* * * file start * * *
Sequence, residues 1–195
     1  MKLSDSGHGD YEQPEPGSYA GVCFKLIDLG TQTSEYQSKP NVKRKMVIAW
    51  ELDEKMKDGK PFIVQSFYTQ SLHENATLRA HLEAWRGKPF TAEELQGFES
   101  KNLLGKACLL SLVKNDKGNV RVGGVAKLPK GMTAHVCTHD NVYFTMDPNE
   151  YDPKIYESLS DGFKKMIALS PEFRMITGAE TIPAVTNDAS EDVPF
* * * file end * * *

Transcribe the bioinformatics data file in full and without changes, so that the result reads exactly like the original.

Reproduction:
Sequence, residues 1–195
     1  MKLSDSGHGD YEQPEPGSYA GVCFKLIDLG TQTSEYQSKP NVKRKMVIAW
    51  ELDEKMKDGK PFIVQSFYTQ SLHENATLRA HLEAWRGKPF TAEELQGFES
   101  KNLLGKACLL SLVKNDKGNV RVGGVAKLPK GMTAHVCTHD NVYFTMDPNE
   151  YDPKIYESLS DGFKKMIALS PEFRMITGAE TIPAVTNDAS EDVPF